by Kimberly Suiters
“A little dab’ll do ya,” Jack Nicholson’s character jokes moments before one of the more haunting scenes in American cinema. The seizure that follows a portrayal of electroshock therapy in One Flew Over the Cuckoo’s Nest helped form a devastating public opinion of the procedure, including Morry Efrach’s.
“Like Frankenstein, I figured, they attach electricity to your head and they start buzzing your brain. No way,” says Efrach, sitting outside an Arlington cafe on a sunny March morning. “I thought they were crazy. I thought they were trying to kill me.”
Rewind to 2010, the year Efrach, a married father of three and real estate agent, was diagnosed with an aggressive cancer, Burkitt’s lymphoma, typically found in children.
“The moment the doctor saw me she said, ‘Young man, get upstairs to oncology immediately.'” It was his first appointment to find out what was causing his night sweats, his physical pain, his bizarre sleeping habits. His cancer had already progressed to stage IV.
A year of chemotherapy followed. Every three weeks, Efrach would check in to the hospital, endure a full week of chemotherapy, and then go home to rest. Looking back, he can see the way depression began to darken his mind.
“It was like a dark cloud beginning to slowly descend upon you. So you’re not really controlling the thought, it’s coming on you. It engulfs your thinking, your perspective, your life.”
Depression morphed into paranoia. Efrach says something in his brain simply snapped, and from that point forward, every day was misery. He holed himself up in his bedroom, grew a beard, lost 60 pounds, and lost all hope.
But his devoted wife, Adriana, did not.
She checked her husband into two different psychiatric wards, first at Dominion Hospital in Falls Church, then at Sibley Memorial Hospital in Washington. Doctors at both facilities recommended electroconvulsive therapy or ECT.
“I knew what they were up to. I completely thought they were trying to kill me,” Efrach admits. “In my paranoia and mistrust, I refused to have anything to do with it.”
The doctors, Adriana, and friends from their synogogue begged Efrach to reconsider. One year ago, he relented.
“My first or second ECT treatment, that dark cloud receded. I opened my eyes and realized, all those things I had passion about, music, restaurants, friends, drinking, all those things that were gone started to come back.”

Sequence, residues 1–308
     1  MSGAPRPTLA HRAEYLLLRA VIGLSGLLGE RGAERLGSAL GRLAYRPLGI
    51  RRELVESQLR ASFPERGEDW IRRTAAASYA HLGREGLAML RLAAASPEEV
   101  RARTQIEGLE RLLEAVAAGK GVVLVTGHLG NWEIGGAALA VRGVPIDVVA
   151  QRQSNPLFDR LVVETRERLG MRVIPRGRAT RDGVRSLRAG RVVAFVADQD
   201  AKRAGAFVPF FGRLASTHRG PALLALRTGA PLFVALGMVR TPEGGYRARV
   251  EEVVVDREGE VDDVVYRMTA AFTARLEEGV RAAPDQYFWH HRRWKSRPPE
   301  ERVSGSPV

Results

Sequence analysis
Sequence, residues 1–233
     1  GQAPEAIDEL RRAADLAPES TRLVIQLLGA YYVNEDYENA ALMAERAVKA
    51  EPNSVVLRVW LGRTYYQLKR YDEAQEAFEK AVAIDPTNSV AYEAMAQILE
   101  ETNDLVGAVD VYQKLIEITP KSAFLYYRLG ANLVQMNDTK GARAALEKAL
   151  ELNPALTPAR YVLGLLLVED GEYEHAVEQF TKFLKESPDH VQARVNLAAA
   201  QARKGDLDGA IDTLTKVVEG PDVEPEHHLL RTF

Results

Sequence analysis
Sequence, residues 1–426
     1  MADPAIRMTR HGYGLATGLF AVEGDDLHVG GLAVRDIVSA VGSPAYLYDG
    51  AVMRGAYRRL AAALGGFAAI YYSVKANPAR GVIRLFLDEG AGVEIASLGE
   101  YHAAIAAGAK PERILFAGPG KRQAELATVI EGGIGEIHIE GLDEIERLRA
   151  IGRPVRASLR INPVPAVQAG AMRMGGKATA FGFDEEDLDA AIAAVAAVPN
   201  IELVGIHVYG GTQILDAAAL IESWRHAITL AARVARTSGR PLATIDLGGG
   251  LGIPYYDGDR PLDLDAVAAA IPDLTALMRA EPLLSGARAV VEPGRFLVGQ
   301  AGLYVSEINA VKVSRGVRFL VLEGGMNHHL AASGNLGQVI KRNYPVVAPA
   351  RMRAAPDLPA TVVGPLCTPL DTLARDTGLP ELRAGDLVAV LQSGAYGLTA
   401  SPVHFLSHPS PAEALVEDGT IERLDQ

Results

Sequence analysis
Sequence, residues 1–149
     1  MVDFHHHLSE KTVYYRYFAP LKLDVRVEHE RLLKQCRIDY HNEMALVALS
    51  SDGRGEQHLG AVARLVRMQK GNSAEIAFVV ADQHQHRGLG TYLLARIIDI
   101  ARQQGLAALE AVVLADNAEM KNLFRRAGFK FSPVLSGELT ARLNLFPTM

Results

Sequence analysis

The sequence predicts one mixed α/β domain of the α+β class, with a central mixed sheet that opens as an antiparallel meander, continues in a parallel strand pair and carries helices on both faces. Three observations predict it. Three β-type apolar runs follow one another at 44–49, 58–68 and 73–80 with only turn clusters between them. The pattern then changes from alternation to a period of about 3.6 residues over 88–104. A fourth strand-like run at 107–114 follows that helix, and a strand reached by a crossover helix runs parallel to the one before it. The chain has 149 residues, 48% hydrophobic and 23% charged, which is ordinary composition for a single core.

ECT has roots in the 16th century, when doctors induced seizures in patients to treat a variety of psychiatric conditions. The therapy gained more traction in Europe throughout the 1940’s and 50’s, but then saw a decline, due predominantly to negative public perception. “One Flew Over the Cuckoo’s Nest” might have been the worst jolt shock therapy ever received.
By 1985, the National Institutes of Health deemed ECT the “most controversial treatment in psychiatry.” There was widespread agreement in the medical community that it could jumpstart the brain, but the benefit did not last, with most patients relapsing within six months. Today, NIH reports that ECT, performed only when patients are under anesthesia, is “very effective” and “generally safe treatment for depression.”
Efrach calls it painless. And miraculous.
“For people who saw me go from stage IV, near death, to, knock wood, healthier, more invigorated, they can’t believe it. It brings tears to their eyes. It absolutely, no doubt in my mind, is a miracle.”
Efrach confesses the caffeine he’s drinking is starting to kick in, and his mind flows with ideas about how to rebuild his real estate business, yes, but now he wants to inspire, motivate, and invigorate the lives of those around him, starting with his family. Adriana does not tire of telling friends, with a smile and a fist-pump, “My Morry is back. He is really baaaaack.” Their three children tend to cuddle up to him more often, he says, having faced the fear that they might never see their father healthy again. Efrach doubts there are many people who feel as awake to life as he does.
“I don’t believe that for a minute! I look around and I don’t see the passion, the drive, the glow that they could have.”
Off all other medication for depression, Efrach may need ECT to keep his brain in balance forever. Every six weeks, he undergoes the shock therapy. But he brushes it off with a pink-cheeked smile, the sunshine twinkling in his bright blue eyes.
“A tune-up. Just a tune-up. And when my friends at the gym see how much energy I have, how much I enjoy my life, they almost wish they could get this ECT too.”